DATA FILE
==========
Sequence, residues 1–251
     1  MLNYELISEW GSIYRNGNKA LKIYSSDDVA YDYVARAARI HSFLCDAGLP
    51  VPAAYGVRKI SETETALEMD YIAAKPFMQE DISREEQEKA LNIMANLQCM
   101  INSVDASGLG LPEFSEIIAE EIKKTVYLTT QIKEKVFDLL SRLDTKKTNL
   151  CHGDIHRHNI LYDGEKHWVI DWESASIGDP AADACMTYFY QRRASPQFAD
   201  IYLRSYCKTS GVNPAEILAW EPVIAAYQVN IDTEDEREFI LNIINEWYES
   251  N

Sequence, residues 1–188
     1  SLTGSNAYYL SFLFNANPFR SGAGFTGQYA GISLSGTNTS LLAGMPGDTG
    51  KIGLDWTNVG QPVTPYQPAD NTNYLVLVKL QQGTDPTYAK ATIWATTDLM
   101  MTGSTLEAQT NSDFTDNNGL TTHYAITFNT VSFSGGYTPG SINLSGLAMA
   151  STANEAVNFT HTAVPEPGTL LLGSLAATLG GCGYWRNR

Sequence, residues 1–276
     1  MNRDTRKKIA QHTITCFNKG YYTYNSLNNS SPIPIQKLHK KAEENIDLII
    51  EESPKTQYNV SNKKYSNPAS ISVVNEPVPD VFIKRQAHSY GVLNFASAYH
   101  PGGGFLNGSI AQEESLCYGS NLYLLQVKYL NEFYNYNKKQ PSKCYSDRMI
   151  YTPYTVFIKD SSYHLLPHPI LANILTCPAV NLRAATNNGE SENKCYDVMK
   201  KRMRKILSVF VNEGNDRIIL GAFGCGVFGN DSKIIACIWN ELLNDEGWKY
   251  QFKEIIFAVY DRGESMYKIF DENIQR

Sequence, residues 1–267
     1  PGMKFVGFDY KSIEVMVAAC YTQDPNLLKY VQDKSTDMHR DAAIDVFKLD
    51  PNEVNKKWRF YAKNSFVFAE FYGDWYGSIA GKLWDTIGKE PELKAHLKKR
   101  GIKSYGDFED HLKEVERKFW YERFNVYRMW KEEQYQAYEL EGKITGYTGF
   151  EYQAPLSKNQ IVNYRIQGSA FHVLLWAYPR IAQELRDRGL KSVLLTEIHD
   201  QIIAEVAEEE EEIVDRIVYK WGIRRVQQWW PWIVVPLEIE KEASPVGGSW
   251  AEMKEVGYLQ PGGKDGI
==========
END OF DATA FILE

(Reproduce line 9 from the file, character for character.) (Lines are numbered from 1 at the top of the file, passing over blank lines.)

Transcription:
     1  SLTGSNAYYL SFLFNANPFR SGAGFTGQYA GISLSGTNTS LLAGMPGDTG